In an article published on this site on June 23, 2014, titled "Heroically Overcoming the Villainy of Injury and Depression,” Zane Geeting very intelligently, and with feeling, discussed both issues.

At that time, I was suffering from both, and I was at my wits end. I thought that I had exhausted all my remedies, and I still didn't have any answers, so I reached out to Zane. He made the mistake of asking for questions. Before my questions had time to sink in, Zane had responded with an answer that led to new avenues for me to explore to get better—and I did!

Before I get my ass before my elbow, let me give some historical perspective. After open heart surgery in February 2013 followed by cardiac rehabilitation, I was allowed by the Powers That Be to resume training in late July. I was required to start very light and very slowly, which I did. My goal was to participate in a meet on November 7, 2013, nine and a half months post-surgery.

I envisioned a miraculous comeback, with world records falling. Alas, the storybook scenario was not to be. I had a respectable meet but no records fell. I still had a lot of work to do! And work I did.

I set my sights on a meet on June 7, 2014, and a warm-up meet in early May. I was diligent and worked hard. I set PRs in both my squat and bench press. My deadlift still needed work. The week before the warm-up meet, I had this strange and unusual breathing problem. It bothered me so much that I consented to go to the ER for help, something that I had never done. Because of my heart history, they kept me for three days and performed every heart test known to medicine. My heart was fine. I was discharged and still didn't know the problem.

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A breathing test later confirmed that I had a mild form of COPD. So much for the warm-up meet. My focus was now on June 7. After a particularly “kick in the ass” deadlift session, I felt pain in my right rhomboid area. It got worse and worse as the days progressed, radiating down my right arm and causing numbness in my right hand. It further radiated around and affected my right pec area. I was certain that I had a ruptured disk in my neck and was dreading another neck surgery.

I went to see my orthopedist (I'm a preferred customer). X-rays showed a lot of arthritis but not much else. He thought that I had a pulled rhomboid but ordered an MRI. Because of the spinal cord stimulator surgically implanted in my ass, that changed to a myelogram with a CT scan.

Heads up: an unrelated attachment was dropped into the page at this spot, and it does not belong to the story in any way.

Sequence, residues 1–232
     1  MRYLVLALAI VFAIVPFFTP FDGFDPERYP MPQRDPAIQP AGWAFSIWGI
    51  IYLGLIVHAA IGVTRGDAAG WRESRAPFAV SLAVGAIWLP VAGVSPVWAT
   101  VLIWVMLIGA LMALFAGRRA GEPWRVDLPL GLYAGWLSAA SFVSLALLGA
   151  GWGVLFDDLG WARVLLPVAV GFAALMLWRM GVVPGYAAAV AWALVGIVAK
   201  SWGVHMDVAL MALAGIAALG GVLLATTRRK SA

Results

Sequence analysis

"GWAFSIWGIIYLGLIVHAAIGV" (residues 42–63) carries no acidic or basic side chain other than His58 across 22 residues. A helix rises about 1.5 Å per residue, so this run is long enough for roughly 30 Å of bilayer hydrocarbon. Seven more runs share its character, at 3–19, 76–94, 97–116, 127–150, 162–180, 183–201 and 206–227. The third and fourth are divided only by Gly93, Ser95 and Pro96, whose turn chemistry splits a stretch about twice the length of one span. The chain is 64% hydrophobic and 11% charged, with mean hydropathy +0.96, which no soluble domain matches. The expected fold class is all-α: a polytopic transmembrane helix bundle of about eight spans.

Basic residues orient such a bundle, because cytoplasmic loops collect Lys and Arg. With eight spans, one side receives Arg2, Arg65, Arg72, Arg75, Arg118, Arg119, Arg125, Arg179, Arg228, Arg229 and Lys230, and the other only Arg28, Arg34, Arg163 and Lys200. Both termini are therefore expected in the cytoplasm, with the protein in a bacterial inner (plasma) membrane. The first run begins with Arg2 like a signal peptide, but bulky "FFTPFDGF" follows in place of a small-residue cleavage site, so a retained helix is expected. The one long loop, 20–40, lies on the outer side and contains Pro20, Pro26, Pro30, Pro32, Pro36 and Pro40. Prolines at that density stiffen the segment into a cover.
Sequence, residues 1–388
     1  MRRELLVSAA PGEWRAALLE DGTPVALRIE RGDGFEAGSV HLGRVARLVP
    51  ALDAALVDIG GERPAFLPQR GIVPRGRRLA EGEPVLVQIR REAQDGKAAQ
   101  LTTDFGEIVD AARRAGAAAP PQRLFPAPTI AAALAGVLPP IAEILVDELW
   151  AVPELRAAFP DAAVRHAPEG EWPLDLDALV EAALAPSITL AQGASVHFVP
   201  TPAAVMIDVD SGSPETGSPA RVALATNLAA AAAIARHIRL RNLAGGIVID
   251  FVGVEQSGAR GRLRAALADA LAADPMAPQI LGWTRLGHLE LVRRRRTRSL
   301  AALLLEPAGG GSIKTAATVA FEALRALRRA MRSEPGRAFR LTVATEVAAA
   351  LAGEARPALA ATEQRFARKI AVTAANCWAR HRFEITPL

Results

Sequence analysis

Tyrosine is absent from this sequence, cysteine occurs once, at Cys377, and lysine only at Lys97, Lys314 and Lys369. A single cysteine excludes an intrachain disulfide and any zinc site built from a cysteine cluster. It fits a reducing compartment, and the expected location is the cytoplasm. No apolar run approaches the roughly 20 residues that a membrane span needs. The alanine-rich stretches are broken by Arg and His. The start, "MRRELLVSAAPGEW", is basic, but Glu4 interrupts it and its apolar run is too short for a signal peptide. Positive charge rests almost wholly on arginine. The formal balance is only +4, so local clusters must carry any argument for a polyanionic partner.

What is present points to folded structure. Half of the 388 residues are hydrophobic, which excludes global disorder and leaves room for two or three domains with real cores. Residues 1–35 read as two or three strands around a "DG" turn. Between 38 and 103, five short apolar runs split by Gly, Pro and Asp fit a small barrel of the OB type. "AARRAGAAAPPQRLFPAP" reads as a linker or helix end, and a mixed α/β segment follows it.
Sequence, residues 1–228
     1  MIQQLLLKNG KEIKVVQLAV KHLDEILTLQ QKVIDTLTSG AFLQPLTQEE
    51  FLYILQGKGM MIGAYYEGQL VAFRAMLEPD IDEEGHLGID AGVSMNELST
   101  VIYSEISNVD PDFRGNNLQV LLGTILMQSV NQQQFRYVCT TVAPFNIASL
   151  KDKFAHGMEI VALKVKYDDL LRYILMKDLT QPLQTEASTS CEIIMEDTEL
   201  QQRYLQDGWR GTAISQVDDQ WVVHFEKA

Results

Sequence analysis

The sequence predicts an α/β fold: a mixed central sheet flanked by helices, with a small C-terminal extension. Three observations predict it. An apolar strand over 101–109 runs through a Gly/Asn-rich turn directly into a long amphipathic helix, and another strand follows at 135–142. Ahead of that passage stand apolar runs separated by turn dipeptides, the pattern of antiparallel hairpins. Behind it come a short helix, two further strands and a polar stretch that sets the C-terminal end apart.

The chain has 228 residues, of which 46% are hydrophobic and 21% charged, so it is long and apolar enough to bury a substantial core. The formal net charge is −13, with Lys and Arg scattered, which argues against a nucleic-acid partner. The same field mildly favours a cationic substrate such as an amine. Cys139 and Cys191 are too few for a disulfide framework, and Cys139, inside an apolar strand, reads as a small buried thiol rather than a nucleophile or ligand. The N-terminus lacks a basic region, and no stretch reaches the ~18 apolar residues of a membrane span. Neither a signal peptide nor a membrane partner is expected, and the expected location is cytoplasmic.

Great news for me! The myelogram-CT scan didn't show a herniated disk in my neck. There was a great deal of arthritis, as expected, but nothing that would require surgery. Yea! Now I was right back where I started. The worst case scenario had been eliminated but not the unrelenting pain and inability to train. Hence the depression. and along came Zane...

I sent Zane a question and described my symptoms and situation. In a flash, I had a response. He didn’t reveal any medical secrets, nor the secret of life (maybe he’ll tell me that later), but he gave me some basic direction. His advice was threefold: massage therapy, chiropractic work and artificial release technique (ART) therapy. The information pointed me in the right direction.

As I begin my seventy-fourth year and experience more and more ailments, I have become convinced that the medical profession is either not so smart or just covering their asses. As it appears to me, medicine is as much an art as it is a science.


Here I am after six weekly massages, able to train without pain and a shoulder that seems better than it has in twenty years. I've learned new exercise and stretching techniques. My biggest revelation came when my massage therapist told me that many of my tendons were more bone like than tendon like. She compared my hamstring tendon to a chicken bone. She said that all the tendons in my right rotator cuff were a mess. Not torn but not flexible. She attributed it in part to age but more to overuse and abuse. Too many years of baseball, football, rugby, tennis and racquetball have contributed to a trashed shoulder. Surprisingly, she didn't attribute it to powerlifting. Also, with additional research (I ask people), I found that tendons, by reason of age and overuse, tend to calcify like arthritis of the tendons. It even has a name—calcific tendonitis. I don’t care if its name is Bob. It's still insidious. What to do?

When arthritis hurts, a person’s tendency is to do less. When tendons calcify, making movement difficult, we tend not to move. Both are wrong! Both arthritis and calcific tendonitis require movement, gentle stretching with each stretch longer than the last. I agree with many pundits who decry stretching before resistance training. Why stretch a muscle before subjecting it to stress. That’s not to say don’t warm up. That's a must.

Stretching is also a must—after exercise and on days when no weights are lifted. I've learned more gentle stretching techniques and how to stretch with bands. All have revitalized my shoulder. It has a long way to go, but I'm going in the right direction.

Recently, I began training my brother (eighteen months younger than me), who is also a little old man. We played most of the same sports, so he has a right shoulder issue as well. Thankfully, it isn't as severe as mine. Now that I know some ways and techniques to help, hopefully it will never become as serious.

Now that I'm training again, I'm hoping to participate in one of several meets in November. The one that would fulfill a dream is the IPA meet in Columbus, Ohio. If training goes well and all the stars align, that’s where I’d like to be. Thank you, Zane, for pointing me in the right direction.